Reflection: Always, Always, Never, Never
When my sister and i were kids, my father used to gently lampoon our conversation style as a teaching tool.
He would talk about how no matter the season in Brattleboro, he could always hear the chirping of the "Kweegos."
"Kweego to McDonalds?"
"Kweego to the park?"
"Kweego to the movies?"
"Kweego to the mall?"
He would also identify our tendency to speak in absolutes with the mantra “always, always; never, never.”
It's one of the 12 toxic behaviors listed in Karen Young's article "Toxic People:12 Things They Do and How to Deal with Them."
And one reason it is so effective is that most of us start life communicating this way.
Children, in all their glory, generally lack both perspective and filters. Those things are still in development. And they have nearly limitless imaginations that haven’t yet been dampened by rules. Therefore, they often speak in superlatives. They will let you know that things are the BEST ever, or WORST ever. They know what they LOVE and what they HATE. They also are good for telling, in moments of frustration, what allegedly always or never happens.
“WE NEVER get to stay up!”
“She ALWAYS gets her way.”
“You ALWAYS end the game early!”
It’s the plaintive cry of a tiny soul trying to navigate a huge world.
The problem is when grown-ups, with both perspective and filters, speak in absolutes to manipulate.
Weaponized exaggeration can be crushing.
It allows me to characterize your behavior in absolute terms, branding you as deficient, while my behavior is not up for discussion.
It allows no room for grace or growth.
Young says “Toxic people have a way of drawing on the one time you didn’t or the one time you did as evidence of your shortcomings.” ‘You always …’ ‘You never …’”
It’s effective for several reasons.
First, it’s personal: If you question your value, it offers an answer, and not a good one.
Second, It’s Comprehensive: It brands you as a person who does something. What does a teacher do? They teach. What does a football player do? They play football. What does a “you never listen”-er do? They never listen. So even if you can point to examples of you not doing the bad thing, it can be dismissed as an exception to the rule, the action of a person refusing to take responsibility for their behavior.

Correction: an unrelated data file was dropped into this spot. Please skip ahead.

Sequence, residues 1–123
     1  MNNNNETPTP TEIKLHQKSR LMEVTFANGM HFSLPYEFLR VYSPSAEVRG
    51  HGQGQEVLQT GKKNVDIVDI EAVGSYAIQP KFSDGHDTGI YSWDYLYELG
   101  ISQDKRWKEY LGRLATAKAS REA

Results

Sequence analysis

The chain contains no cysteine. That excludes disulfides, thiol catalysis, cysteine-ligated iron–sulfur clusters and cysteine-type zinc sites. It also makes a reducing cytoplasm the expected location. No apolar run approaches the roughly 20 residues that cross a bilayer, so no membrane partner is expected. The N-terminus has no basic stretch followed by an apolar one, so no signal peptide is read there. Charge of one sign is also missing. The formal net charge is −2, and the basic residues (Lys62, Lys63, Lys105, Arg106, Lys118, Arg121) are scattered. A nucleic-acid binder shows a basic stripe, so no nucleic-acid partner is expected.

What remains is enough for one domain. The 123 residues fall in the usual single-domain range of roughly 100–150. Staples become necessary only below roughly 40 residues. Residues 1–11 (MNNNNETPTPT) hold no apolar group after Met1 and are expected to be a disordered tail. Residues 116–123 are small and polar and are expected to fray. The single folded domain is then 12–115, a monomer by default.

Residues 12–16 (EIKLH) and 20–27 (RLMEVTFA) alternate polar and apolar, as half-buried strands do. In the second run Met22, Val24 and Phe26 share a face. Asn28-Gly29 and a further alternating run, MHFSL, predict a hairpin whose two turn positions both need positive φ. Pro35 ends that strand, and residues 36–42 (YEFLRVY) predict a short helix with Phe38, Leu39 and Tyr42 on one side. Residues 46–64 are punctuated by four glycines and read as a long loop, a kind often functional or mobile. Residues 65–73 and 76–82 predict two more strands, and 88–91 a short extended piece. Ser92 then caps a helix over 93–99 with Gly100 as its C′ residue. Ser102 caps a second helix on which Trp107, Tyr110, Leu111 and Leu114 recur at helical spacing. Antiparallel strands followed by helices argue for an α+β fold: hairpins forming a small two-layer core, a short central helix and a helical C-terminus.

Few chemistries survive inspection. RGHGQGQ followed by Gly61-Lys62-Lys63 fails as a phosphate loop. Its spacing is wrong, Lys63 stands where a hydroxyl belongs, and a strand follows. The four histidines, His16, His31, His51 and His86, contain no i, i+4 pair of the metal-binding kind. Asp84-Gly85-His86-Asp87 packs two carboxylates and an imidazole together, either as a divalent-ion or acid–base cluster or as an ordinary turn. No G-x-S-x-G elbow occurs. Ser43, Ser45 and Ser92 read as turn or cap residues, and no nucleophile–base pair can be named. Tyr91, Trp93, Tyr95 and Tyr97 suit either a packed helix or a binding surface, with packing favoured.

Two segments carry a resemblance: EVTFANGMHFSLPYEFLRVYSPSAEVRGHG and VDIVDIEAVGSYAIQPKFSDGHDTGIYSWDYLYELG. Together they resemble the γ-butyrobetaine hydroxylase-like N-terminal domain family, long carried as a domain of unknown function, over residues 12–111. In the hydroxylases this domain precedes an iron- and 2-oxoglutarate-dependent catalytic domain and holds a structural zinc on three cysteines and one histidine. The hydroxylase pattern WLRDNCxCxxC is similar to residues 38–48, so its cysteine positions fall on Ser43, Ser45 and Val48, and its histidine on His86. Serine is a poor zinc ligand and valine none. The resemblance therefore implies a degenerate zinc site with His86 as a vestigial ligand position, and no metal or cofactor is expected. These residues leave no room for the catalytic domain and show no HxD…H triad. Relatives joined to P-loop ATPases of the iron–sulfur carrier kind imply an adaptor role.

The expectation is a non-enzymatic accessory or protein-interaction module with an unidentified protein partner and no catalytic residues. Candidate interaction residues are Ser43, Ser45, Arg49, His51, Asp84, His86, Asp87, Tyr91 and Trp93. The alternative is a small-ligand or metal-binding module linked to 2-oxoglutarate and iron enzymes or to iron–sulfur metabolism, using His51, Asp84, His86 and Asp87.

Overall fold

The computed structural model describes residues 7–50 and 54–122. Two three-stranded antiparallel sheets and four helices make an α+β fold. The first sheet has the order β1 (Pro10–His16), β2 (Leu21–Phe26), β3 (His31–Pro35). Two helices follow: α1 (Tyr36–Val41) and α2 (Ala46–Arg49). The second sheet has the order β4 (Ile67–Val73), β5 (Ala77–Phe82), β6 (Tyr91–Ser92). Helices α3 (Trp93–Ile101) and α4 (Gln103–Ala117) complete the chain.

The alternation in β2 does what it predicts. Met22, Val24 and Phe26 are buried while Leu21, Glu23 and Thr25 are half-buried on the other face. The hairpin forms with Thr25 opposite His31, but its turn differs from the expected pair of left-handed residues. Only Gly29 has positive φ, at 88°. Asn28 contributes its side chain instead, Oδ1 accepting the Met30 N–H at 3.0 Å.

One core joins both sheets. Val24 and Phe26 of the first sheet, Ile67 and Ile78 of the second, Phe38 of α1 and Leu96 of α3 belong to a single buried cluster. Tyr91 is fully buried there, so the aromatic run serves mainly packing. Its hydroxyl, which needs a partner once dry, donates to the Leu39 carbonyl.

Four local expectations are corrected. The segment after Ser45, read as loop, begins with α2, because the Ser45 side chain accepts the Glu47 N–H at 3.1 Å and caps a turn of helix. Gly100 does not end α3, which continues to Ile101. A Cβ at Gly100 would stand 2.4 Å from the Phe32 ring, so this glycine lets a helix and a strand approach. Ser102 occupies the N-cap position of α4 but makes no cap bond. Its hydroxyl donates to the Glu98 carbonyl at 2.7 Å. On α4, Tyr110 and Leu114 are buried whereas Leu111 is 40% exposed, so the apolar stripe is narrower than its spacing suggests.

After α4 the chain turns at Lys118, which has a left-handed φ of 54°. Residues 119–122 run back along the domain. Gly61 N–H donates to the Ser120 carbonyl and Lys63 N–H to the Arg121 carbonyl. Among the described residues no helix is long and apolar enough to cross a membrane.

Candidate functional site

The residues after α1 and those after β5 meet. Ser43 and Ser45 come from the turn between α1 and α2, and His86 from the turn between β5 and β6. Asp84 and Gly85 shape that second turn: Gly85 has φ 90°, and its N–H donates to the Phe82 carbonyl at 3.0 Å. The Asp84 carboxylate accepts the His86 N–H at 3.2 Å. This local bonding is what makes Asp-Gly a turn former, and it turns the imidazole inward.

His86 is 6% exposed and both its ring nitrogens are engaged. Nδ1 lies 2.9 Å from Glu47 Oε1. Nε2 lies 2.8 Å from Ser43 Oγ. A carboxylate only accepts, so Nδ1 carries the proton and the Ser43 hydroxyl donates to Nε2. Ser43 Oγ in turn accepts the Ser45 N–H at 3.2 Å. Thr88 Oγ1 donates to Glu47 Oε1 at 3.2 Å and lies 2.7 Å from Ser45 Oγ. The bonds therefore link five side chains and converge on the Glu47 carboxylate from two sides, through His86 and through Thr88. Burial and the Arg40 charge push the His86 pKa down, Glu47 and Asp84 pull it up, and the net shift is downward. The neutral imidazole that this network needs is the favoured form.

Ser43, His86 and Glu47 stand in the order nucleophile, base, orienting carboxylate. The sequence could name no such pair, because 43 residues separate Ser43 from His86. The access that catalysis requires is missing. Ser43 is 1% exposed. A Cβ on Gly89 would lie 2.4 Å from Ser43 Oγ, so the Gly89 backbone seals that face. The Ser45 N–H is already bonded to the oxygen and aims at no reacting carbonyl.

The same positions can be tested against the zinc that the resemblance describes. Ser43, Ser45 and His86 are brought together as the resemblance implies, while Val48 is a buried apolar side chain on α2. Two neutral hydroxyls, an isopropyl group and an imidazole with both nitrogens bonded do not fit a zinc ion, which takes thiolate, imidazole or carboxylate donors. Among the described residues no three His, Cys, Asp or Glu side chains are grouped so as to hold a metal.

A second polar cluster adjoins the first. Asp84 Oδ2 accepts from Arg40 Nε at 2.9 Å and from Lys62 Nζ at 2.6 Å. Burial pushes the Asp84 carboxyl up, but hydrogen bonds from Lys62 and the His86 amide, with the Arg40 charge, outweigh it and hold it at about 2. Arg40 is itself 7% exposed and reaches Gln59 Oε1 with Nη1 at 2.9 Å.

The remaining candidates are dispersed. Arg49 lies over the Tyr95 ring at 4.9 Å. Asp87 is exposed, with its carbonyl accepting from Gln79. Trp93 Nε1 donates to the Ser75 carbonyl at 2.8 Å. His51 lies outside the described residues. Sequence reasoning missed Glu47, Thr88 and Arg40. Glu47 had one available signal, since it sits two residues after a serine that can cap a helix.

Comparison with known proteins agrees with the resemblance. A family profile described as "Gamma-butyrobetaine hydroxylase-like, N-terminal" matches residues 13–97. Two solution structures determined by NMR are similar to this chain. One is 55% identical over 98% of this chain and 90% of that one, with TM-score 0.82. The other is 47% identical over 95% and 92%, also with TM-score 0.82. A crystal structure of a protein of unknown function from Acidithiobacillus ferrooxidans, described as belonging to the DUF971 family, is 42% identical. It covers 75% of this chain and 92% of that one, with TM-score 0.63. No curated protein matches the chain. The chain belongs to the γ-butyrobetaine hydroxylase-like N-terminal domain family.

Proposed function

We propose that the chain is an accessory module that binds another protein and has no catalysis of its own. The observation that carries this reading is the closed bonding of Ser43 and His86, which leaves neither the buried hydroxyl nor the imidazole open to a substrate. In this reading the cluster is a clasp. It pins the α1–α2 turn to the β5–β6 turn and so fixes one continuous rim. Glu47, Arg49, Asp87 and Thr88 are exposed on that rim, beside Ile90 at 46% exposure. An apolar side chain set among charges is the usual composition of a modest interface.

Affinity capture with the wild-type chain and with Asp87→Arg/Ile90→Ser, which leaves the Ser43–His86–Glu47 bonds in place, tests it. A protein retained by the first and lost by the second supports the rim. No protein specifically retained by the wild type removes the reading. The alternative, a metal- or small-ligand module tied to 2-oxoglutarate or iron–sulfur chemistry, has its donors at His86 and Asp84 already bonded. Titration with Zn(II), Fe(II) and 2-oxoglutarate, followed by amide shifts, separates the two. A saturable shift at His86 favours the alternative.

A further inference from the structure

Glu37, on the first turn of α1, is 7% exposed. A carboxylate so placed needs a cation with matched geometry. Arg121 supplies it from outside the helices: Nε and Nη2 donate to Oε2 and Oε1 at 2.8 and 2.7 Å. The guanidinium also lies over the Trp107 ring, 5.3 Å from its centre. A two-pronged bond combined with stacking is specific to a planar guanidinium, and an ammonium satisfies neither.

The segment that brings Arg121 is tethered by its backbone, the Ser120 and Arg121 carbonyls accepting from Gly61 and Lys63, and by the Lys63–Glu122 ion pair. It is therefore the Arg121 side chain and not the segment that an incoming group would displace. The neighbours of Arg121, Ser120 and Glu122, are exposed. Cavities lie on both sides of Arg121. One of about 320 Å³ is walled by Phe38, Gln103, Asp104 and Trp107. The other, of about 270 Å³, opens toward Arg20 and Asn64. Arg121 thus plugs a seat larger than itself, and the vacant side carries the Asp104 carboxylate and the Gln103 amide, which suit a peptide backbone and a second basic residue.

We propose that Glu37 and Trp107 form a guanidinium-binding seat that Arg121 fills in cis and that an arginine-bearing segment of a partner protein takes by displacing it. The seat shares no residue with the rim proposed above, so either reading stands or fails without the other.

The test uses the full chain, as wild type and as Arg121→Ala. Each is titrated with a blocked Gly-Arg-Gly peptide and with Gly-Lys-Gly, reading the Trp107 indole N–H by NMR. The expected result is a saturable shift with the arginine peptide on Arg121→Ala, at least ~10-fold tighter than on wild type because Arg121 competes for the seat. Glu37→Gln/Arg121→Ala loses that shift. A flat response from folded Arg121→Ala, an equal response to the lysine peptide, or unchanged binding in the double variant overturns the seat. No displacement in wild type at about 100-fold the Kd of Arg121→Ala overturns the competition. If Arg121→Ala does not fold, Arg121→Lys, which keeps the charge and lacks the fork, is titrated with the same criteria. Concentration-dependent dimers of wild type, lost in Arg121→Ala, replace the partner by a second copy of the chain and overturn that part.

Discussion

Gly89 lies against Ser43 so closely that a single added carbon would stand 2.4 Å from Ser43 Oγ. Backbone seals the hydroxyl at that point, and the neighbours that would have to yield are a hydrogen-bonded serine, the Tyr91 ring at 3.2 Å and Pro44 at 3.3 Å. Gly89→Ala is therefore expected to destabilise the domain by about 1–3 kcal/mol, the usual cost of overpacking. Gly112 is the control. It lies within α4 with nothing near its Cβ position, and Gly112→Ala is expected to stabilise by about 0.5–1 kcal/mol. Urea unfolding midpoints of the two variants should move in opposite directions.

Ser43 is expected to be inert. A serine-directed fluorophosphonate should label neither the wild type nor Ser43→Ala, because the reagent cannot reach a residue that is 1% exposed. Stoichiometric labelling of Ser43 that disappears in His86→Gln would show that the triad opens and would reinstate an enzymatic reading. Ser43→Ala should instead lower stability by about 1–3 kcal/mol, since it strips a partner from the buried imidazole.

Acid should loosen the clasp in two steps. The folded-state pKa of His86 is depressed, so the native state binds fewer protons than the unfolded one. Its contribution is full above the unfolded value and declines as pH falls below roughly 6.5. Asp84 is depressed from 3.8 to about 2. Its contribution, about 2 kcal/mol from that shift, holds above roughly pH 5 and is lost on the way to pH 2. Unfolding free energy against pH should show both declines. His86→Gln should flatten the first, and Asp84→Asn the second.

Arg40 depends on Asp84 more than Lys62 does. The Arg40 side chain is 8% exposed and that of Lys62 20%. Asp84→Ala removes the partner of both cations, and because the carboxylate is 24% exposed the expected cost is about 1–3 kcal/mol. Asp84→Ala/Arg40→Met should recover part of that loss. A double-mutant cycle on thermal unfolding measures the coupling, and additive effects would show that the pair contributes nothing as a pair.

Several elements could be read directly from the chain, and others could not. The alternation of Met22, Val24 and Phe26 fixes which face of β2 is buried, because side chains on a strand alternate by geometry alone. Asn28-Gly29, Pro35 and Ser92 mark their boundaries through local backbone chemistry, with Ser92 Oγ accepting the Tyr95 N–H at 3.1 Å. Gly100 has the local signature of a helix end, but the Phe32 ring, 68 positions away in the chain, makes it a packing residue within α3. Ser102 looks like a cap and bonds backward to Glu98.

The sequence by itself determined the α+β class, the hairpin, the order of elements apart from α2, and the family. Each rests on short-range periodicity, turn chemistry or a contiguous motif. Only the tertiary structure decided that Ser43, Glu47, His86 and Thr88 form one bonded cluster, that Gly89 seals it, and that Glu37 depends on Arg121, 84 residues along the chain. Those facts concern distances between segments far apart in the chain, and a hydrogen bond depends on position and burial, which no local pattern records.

Third, to defend yourself, you must adopt the toxic terms of engagement:
They say “You never listen.” You say “I DO, TOO, LISTEN!”
Now the conversation is solely about the quality of your listening. Not about their speaking. Not about your communication patterns together. Not about resolving the particular conflict that has you arguing, and finding common ground. The debate is over you and your flaws. And why are you yelling?
And that is either a confused conversation, or one not held in good faith.
A debate over your worth is pointless and gross. You are attempting to convince someone you have value. They don’t agree. They can demean you, and then check you for being too emotional. And at the end, they get to decide who’s right.
“It’s hard to defend yourself against this form of manipulation,” Young says. “Toxic people have a way of drawing on the one time you didn’t or the one time you did as evidence of your shortcomings. Don’t buy into the argument. You won’t win. And you don’t need to.”
Now, exaggeration may be a holdover from childhood, but in that, it is not unique.
The insidious thing about toxic habits is how many of them pervert normal developmental behaviors. This is how we talked as ten-year-olds, on the playground. So it is familiar, even disarming, when confronted with it in adult form, especially if you never mastered the playground.
Juvenile street smarts are a contemporary adult superpower.
You see people destroying sophisticated argumentation, and dominating a conversation, because their opponent is unprepared to be accused of having cooties, or unprepared to see a grown-up flout commonly accepted rules.
If your conversation has no referee, no-one can call fouls, which means you have to learn how to deal, or not deaL with the rule breaker yourself.
And sometimes, the conversation does have a referee, and they’re just as shocked as you are.
No-one expects the spitball in the courtroom. Or the lawyer who ties the opposing counsel’s shoes together. Or the debater who brazenly refuses to stop speaking when their time is up.
And if you have groups that can penalize noncompliant members, and don’t, or can call fouls, but would rather not influence the game, the noncompliance and fouls will continue.
If the question is “kweego wherever we want?” and the answer is silence, or a stern no, next to money, keys, and an open door, most likely the kids will go wherever they want.
And so, sadly, will too many adults.
It’s what they always do.
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Reflection: The Bad Cut of Meat
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Reflection: The Hats We Wear
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